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Fresh and (not so) easy for British grocer to make it in the States

This L.A. Fresh & Easy grocery was store was one of the first of 16 opened in the U.S. But the chain's British parent company Tesco is selling its U.S. stores.
David McNew/Getty Images
This was one of the first 16 stores that Fresh & Easy opened in the U.S., and this was — and still is — in Los Angeles. But now the British-owned chain, after a $1.6 billion investment, will likely leave the U.S. market or see its parent, Tesco, sell it.

Is there a Fresh and Easy in your neighborhood? Were you impressed with the stores, or turned off? Why do you shop where you shop? What are you looking for in your local grocer?

The British company Tesco had high hopes for its Fresh and Easy chain of grocery stores in Southern California. The store is a smashing success in its homeland, and the goal for Tesco was to position Fresh and Easy as an alternative to Trader Joe’s in California. Like the Southland favorite, Fresh and Easy specializes in prepackaged meals and fresh produce.

To further ingratiate itself, Fresh and Easy spent years researching American consumer habits, even going so far as to shadow customers while they shopped at their local grocer. But things aren’t looking too good for the interloping competitor. For several reasons, Fresh and Easy has failed to connect with Americans in a significant way. Experts attribute the disconnect to some of the products the store sells, which are still quintessentially European, or the fact that produce comes in bags and can’t be purchased individually.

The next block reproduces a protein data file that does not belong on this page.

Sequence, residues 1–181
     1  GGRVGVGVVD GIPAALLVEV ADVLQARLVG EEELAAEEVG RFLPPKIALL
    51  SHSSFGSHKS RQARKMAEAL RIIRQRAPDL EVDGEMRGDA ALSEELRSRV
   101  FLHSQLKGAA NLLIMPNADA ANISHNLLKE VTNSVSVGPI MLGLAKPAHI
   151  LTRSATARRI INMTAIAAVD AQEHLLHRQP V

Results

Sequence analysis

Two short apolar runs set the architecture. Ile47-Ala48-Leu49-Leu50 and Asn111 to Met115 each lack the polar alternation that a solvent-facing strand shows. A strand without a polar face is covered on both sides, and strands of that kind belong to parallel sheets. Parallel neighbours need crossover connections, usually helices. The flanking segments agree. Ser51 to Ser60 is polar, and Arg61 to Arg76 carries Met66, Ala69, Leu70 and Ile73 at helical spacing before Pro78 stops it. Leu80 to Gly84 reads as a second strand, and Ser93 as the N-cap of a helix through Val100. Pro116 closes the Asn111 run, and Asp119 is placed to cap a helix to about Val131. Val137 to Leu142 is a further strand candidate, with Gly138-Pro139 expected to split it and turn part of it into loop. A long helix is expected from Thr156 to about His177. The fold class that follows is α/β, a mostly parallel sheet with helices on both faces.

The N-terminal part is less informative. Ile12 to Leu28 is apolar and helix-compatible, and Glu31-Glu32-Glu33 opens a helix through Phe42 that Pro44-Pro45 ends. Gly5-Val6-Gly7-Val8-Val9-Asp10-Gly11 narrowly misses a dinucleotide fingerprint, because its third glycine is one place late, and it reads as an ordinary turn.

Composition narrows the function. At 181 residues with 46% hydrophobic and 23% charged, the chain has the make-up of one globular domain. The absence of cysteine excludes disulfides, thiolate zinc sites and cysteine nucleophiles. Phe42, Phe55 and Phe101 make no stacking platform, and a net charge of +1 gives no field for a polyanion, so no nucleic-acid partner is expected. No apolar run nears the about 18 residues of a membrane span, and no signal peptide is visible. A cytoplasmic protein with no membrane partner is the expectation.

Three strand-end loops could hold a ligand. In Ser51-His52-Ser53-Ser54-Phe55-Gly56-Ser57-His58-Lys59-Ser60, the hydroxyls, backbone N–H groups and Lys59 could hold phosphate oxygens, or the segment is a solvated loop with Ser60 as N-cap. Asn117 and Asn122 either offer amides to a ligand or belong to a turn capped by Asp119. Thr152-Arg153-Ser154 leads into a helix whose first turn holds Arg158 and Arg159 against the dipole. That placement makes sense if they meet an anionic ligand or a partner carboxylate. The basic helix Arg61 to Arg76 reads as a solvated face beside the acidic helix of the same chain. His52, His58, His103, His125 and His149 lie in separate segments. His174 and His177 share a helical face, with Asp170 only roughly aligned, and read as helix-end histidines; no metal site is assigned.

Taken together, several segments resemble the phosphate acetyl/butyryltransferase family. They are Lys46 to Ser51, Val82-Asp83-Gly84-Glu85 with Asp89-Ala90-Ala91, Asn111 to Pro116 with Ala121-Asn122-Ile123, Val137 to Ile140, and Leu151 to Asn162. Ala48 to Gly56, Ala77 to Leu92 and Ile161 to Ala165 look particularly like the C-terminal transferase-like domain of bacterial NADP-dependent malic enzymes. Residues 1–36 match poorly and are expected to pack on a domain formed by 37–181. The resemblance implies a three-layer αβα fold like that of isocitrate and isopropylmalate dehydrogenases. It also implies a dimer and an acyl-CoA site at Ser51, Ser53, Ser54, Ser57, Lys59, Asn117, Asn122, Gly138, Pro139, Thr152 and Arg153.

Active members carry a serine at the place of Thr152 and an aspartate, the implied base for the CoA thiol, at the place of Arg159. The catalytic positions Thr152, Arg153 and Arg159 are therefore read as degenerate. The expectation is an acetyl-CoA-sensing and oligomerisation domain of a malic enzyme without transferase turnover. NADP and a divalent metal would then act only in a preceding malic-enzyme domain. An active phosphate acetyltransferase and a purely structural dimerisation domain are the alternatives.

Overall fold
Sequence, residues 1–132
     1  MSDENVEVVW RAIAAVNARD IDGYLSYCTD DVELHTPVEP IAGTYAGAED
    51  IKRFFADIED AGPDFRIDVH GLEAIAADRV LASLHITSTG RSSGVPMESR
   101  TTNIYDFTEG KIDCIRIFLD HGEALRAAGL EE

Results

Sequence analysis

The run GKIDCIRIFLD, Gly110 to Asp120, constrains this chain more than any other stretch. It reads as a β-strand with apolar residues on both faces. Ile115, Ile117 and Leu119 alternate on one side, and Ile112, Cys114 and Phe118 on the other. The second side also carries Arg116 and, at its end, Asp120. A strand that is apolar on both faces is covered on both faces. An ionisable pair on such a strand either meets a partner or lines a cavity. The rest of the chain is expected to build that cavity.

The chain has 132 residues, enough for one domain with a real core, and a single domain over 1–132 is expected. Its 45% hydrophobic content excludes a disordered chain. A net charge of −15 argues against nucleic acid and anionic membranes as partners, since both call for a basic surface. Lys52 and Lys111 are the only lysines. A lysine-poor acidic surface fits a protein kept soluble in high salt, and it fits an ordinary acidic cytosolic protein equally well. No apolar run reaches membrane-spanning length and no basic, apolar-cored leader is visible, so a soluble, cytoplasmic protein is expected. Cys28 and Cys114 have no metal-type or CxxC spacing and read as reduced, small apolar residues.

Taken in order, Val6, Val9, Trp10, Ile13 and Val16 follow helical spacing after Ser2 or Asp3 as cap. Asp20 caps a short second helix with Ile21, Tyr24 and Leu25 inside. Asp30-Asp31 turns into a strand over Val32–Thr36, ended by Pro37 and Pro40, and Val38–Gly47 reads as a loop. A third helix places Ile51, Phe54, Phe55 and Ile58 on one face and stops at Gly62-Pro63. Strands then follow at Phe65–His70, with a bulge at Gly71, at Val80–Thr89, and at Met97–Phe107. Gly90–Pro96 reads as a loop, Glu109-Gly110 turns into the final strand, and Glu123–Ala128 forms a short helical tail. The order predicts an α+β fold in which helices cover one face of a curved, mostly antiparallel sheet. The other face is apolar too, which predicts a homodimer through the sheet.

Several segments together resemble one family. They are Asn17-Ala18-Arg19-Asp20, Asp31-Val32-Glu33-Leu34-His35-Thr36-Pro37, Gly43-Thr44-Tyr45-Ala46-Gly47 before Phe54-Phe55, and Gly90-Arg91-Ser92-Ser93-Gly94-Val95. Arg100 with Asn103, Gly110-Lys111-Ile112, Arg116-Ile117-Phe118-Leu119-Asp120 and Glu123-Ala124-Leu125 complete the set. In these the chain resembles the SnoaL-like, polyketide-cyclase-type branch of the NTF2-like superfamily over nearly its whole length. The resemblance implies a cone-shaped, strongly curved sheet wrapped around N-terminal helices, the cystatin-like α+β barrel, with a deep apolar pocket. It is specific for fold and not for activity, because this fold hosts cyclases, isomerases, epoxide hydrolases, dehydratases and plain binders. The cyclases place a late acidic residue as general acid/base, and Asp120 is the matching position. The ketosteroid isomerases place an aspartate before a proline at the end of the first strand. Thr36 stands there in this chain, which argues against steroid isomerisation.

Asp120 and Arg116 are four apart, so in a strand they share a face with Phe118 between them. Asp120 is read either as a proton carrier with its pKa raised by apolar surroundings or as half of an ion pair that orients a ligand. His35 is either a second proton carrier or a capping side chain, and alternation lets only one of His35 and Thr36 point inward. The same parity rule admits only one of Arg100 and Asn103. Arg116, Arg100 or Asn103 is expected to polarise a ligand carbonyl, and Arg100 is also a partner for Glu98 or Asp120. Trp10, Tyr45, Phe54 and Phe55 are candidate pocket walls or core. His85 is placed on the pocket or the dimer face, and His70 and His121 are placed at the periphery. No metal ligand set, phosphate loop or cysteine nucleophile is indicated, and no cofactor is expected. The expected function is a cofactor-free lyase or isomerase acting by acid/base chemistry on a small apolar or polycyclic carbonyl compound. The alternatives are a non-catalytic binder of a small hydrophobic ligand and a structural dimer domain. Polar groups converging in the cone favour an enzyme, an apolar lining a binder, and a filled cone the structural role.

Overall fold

Also, Fresh and Easy hit a snag with labor activists for being anti-union, since they depend on unmanned self-checkouts in all of their stores. The company also seemed to overshoot when it built its huge distribution center in Riverside County, and it failed to specialize its merchandise given the location of its stores. As a result, the chain is operating at a $2 billion loss.

Is there a Fresh and Easy in your neighborhood? Were you impressed with the stores, or turned off? Why do you shop where you shop? What are you looking for in your local grocer?

Guest:
Jim Prevor, of PerishablePundit.com, a website and blog dedicated to the food marketing business

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